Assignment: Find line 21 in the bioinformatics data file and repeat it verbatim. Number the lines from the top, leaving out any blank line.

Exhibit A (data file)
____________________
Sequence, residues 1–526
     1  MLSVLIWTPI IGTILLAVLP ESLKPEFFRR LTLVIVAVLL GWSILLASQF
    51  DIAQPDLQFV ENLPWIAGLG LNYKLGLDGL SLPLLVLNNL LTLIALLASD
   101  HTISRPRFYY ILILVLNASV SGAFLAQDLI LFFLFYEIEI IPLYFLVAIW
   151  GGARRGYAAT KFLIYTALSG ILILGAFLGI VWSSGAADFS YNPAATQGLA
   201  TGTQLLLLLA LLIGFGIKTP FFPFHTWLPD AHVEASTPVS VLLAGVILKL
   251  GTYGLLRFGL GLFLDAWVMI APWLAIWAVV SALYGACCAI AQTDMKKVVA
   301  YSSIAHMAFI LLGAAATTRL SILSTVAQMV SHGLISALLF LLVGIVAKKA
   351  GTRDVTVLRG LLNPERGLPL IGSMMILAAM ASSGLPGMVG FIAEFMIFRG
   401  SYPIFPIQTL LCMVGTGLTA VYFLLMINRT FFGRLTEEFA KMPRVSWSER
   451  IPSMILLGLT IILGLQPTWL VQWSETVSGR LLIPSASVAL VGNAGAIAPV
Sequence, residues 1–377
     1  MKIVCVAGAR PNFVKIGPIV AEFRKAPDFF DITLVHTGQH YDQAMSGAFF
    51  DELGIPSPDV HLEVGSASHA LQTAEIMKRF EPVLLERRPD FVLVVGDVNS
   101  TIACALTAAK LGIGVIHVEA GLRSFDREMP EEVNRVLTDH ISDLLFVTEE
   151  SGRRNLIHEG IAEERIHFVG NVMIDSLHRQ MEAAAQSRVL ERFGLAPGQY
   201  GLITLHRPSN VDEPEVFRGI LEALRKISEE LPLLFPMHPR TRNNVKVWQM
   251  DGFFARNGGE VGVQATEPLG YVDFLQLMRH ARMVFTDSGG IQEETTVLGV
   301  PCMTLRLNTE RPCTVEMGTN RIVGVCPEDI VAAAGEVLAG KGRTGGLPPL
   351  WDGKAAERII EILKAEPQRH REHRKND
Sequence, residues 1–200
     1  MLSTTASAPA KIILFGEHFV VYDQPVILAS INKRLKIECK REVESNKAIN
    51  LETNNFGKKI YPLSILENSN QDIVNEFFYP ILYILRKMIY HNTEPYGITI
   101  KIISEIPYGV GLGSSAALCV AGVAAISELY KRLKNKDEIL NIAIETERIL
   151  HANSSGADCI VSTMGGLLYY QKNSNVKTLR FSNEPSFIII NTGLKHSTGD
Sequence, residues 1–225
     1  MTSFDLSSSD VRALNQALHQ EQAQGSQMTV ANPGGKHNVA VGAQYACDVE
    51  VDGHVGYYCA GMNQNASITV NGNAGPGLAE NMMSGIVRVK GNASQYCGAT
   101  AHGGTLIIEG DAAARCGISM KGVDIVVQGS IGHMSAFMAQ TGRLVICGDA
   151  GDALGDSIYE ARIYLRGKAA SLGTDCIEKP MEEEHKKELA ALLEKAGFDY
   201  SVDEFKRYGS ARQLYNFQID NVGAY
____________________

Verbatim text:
Sequence, residues 1–200